As part of the Gender and Assets Toolkit we have developed a preliminary list of best practices for collecting gender and assets data based on the material presented and case studies above. There is no “one size fits all” way to collect gender and assets data, but we have identified some relevant trends for consideration that hold across countries and contexts. As the GAAP project continues we will add to this list.
- Documentation of the gender asset gap over time: In project evaluations it is important to look at both men’s and women’s assets and how each changes over time instead of relying just on a baseline or endline snapshot. This means that baseline and endline surveys need to be conducted; where data on assets were not disaggregated at baseline, retrospective methods can be used to construct this baseline measure.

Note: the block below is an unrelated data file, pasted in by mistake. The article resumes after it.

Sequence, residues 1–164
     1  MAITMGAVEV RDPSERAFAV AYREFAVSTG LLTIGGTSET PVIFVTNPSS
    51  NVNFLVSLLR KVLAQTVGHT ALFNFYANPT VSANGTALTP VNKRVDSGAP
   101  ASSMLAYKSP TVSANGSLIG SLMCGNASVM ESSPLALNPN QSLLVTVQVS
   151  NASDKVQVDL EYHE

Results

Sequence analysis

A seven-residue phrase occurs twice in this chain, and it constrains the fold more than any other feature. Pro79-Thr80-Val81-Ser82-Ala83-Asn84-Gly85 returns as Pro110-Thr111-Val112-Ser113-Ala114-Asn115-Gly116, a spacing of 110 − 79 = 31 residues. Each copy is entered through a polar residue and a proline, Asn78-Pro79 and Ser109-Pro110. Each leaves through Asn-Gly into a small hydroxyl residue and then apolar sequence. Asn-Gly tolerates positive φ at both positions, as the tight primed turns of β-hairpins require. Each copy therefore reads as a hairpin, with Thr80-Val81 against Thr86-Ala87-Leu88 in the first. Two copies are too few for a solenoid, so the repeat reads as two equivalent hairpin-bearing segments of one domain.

- Q-squared approaches: Mixed methods are important to understanding complex gender and assets dynamics. Quantitative and qualitative work can be iterative; household surveys can be informed by qualitative work and vice versa.
- Context matters: methods of data collection matter and best practice will vary based on context.
- Beyond ownership: collection of asset data needs to go beyond ownership and look at other bundles of rights affiliated with assets including use and control.